TOKYO INFLATION REACHES FASTEST RATE SINCE 1982

TOKYO INFLATION REACHES FASTEST RATE SINCE 1982

Tokyo inflation fastest rate. Japan inflation beat forecasts fastest since 1982, accelerating suggesting national price growth will also pick up in November after months-to-month (mtm) of weaker yen and energy costs which increase. Japan’s Interior Ministry noted consumer prices excluding fresh food rose 3.6 percent in the capital in November, at a faster pace driven by further increases in processed food prices. The data from the Ministry of Home Affairs was the highest inflation since April 1982 and was stronger than the 3.5 percent forecast by analysts. The continued acceleration in core inflation challenges the views of Bank of Japan (BOJ) Governor Haruhiko Kuroda. He believes that current cost-driven inflation is only temporary and further stimulus is needed to ensure price growth is sustainable. The rise in energy costs is likely to lessen as increased government subsidies go into effect in the coming months, even though most economists agree with Kuroda that Japan’s inflation will increase, although views differ so far. The BOJ is likely to keep interest rates the lowest for the rest of Kuroda’s term. Market speculation has been largely focused on what will happen after the governor leaves in April.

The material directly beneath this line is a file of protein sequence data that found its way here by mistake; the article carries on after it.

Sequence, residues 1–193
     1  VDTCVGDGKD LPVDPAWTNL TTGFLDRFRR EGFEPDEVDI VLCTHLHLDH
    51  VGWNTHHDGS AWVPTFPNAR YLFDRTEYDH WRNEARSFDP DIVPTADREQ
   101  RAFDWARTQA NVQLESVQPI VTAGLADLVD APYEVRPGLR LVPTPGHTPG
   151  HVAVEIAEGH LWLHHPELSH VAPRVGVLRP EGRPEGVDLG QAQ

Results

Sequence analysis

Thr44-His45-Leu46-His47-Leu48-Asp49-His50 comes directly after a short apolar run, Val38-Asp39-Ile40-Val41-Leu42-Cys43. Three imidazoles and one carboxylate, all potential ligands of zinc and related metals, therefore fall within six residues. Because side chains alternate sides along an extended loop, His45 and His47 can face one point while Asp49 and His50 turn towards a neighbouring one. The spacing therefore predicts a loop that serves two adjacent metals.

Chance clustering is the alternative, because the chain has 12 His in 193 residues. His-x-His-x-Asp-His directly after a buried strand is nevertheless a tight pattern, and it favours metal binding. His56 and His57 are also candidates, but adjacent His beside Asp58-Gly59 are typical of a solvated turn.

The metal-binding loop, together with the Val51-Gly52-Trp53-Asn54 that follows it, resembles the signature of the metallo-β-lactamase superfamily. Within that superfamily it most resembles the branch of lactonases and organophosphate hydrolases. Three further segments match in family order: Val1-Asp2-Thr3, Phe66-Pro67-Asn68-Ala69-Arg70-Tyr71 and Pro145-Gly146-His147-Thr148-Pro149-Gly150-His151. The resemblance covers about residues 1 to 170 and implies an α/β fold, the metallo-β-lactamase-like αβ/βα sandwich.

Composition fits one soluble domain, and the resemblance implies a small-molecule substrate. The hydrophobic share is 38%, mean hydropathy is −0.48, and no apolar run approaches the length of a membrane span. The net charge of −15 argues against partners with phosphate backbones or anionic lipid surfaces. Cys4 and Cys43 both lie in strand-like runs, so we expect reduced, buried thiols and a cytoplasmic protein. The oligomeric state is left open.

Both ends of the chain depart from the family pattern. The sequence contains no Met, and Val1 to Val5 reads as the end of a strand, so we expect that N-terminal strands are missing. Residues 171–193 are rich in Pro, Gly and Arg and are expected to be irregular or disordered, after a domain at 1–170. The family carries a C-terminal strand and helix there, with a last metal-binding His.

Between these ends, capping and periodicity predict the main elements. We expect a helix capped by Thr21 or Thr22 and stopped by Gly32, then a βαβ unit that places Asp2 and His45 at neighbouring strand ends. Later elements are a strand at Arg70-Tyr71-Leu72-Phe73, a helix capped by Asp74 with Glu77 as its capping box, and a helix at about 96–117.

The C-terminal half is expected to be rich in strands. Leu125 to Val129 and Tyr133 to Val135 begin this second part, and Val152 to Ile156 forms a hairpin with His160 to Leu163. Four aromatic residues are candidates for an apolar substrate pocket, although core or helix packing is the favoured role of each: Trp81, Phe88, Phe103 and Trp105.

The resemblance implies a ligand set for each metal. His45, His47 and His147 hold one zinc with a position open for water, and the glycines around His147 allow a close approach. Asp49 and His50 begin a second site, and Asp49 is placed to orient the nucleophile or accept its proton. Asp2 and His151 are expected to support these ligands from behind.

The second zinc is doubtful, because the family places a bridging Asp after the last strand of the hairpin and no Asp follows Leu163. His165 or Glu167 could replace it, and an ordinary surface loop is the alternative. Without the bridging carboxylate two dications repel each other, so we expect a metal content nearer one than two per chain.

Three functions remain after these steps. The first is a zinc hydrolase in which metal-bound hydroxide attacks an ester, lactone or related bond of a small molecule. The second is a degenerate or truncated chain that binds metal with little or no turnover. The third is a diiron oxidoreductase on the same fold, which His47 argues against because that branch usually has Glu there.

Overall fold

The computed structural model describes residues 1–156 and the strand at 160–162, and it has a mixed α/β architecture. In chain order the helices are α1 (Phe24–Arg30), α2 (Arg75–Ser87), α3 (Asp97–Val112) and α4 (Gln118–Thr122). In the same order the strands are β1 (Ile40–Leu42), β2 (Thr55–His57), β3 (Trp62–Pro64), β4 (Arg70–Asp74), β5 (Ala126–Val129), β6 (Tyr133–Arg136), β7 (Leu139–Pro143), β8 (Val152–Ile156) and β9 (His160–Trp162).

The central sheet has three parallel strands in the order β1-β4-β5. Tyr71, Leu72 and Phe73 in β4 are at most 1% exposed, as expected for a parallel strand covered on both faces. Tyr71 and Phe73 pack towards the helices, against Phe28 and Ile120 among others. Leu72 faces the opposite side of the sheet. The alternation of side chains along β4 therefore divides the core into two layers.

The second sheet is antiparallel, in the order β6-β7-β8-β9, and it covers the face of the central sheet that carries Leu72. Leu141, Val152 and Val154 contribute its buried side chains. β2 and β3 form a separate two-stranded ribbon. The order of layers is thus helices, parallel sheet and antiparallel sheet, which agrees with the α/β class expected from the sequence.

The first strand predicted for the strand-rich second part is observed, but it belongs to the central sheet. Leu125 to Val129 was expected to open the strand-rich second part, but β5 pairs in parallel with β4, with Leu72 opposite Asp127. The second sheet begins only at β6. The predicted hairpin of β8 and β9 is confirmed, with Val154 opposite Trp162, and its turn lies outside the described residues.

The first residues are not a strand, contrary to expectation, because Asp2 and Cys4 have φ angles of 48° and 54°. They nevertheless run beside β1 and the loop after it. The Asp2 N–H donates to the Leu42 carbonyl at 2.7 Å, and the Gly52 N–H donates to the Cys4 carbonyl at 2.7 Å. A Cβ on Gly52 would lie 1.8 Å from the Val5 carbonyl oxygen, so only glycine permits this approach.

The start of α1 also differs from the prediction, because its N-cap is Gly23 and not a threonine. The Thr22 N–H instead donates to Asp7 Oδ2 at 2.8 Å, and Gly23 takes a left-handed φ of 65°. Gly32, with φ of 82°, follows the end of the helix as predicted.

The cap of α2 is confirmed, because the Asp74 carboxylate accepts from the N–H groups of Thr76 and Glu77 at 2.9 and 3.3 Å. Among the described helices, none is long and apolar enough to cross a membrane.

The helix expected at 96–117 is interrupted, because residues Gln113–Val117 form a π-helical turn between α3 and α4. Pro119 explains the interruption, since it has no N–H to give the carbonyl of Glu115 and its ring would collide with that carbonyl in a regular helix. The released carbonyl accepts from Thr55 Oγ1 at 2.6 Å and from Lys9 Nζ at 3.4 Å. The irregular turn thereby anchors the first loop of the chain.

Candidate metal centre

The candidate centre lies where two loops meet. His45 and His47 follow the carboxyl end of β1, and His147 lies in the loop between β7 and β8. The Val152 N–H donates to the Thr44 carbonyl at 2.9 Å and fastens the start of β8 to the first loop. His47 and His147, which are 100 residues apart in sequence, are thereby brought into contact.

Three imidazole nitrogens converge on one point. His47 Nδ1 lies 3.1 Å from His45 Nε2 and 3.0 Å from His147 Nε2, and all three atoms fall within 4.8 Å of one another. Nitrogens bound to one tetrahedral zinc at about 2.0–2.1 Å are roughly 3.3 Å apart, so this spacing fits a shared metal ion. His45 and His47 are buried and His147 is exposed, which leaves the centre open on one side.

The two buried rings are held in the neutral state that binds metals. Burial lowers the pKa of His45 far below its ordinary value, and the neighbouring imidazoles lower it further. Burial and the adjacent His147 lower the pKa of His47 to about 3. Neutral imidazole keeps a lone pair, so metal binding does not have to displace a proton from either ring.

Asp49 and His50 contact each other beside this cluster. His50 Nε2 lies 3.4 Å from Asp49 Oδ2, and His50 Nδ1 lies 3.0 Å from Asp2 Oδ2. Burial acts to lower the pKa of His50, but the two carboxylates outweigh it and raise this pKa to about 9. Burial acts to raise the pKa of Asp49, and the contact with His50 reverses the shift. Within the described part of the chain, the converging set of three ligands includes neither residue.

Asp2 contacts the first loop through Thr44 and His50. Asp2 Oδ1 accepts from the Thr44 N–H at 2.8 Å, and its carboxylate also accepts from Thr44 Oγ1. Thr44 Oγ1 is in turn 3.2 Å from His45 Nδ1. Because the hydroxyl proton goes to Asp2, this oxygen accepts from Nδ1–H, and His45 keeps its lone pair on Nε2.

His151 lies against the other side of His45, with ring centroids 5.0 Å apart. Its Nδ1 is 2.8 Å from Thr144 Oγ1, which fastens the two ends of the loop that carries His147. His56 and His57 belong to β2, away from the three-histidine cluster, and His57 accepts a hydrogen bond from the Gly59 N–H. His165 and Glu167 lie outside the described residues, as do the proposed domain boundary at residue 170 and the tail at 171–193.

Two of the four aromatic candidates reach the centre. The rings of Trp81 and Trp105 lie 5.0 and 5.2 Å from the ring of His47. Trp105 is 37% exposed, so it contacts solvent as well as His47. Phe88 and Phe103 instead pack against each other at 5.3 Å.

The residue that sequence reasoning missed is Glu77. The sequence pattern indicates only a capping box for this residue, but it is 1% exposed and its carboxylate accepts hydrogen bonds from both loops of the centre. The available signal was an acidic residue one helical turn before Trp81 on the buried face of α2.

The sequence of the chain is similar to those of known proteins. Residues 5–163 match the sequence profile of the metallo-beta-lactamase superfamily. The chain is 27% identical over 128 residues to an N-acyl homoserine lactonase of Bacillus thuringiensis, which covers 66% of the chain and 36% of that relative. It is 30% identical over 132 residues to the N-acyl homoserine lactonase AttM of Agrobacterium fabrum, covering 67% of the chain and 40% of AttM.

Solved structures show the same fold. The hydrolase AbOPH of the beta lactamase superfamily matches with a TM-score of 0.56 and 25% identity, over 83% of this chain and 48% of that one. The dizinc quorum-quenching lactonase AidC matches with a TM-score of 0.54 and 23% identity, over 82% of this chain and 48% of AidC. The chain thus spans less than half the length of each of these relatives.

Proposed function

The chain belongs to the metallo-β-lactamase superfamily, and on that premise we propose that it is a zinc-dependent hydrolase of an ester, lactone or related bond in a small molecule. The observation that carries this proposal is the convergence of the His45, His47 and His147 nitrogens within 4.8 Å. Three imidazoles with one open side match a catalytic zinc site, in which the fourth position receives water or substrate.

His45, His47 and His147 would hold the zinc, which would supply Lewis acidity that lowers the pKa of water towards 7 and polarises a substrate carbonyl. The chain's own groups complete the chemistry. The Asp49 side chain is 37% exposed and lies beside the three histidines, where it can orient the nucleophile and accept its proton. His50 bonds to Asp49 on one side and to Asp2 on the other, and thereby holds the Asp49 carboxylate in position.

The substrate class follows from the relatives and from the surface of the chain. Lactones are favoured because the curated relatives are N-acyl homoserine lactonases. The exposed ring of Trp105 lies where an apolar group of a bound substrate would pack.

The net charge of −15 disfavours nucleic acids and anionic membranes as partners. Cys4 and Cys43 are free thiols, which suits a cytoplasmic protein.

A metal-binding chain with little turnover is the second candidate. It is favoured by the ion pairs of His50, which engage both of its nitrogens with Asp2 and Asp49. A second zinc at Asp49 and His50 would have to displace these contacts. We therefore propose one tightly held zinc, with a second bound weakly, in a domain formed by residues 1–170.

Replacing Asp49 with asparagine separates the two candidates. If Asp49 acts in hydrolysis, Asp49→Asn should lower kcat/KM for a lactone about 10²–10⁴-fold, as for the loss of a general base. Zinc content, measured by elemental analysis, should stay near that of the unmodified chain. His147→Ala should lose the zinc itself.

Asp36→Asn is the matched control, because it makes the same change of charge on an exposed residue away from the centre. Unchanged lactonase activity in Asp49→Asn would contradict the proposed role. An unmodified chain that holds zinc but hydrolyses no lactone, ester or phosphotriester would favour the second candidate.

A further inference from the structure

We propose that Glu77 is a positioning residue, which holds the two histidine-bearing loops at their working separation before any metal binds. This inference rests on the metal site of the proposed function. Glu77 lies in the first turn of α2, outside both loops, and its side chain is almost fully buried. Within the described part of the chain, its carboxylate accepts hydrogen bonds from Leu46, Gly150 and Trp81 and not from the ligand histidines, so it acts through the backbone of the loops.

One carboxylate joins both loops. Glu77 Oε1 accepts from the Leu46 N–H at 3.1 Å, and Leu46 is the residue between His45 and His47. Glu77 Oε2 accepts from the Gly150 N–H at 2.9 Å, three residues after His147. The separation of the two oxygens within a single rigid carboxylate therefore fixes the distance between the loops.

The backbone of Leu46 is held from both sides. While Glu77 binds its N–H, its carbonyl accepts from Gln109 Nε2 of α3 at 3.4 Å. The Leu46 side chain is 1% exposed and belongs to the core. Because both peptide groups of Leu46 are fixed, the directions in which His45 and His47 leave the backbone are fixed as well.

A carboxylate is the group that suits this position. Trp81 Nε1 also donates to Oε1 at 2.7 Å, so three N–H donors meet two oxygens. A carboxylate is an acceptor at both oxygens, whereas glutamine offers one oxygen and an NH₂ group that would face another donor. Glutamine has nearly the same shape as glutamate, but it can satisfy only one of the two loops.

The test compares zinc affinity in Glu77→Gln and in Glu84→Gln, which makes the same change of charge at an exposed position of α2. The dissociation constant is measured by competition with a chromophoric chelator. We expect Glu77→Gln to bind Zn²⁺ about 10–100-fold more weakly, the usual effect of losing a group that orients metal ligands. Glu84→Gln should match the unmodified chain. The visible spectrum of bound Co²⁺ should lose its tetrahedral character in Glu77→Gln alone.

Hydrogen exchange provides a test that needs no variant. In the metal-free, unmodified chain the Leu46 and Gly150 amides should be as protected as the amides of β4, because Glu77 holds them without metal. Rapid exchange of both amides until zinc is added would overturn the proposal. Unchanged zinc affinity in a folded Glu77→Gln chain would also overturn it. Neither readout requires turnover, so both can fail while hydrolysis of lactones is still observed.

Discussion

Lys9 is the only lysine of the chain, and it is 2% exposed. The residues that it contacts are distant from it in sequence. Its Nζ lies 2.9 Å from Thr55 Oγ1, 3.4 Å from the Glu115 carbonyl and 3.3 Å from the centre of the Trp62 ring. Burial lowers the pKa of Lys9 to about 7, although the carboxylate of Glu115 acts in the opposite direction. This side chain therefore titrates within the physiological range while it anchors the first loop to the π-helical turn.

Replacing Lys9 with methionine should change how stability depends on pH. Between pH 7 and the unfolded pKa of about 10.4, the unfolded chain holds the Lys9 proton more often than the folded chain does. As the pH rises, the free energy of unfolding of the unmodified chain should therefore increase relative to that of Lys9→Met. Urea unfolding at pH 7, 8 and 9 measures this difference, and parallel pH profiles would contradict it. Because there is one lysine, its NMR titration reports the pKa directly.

“Given what the BOJ said and current inflation forecasts, I don’t think monetary policy will change in fiscal year 2022,” said SMBC Nikko Securities chief economist Yoshimasa Maruyama. According to Yoshimasa, if the new governor is pressured by the government over the weaker yen, the BOJ could still continue policy in fiscal 2023. Tokyo figures showed processed food prices rose 6.7 percent in November, contributing around 1.4 percentage points to overall inflation and beyond energy impact. Not only that, most of the food including imported raw materials were also affected by the weakness of the yen. Tokyo inflation fastest rate. According to the Teikoku Databank survey, there were 833 food items including dairy products that experienced price increases in November. The report also predicts Japan will be hit by another wave of price hikes in February or March next year, with the cost of another 2,000 items expected to rise. Japanese Prime Minister Fumio Kishida, seeking to cushion the consumption hit from rising prices, put together an economic stimulus package last month, even partly funded by a 29.1 trillion yen (US$210 billion) extra budget.

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